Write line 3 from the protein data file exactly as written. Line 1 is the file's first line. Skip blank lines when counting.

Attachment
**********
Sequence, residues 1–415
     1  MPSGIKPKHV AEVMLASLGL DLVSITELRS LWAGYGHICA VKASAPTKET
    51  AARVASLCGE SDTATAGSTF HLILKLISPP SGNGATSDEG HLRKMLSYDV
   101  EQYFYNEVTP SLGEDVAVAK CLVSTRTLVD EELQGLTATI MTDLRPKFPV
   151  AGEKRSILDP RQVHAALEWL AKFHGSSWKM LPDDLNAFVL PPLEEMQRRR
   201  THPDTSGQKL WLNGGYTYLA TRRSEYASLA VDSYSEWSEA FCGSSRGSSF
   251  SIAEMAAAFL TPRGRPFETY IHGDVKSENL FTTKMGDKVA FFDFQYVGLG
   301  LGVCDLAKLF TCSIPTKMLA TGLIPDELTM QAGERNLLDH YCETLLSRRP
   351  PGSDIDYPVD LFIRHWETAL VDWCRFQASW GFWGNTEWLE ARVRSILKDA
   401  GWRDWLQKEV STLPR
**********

    51  AARVASLCGE SDTATAGSTF HLILKLISPP SGNGATSDEG HLRKMLSYDV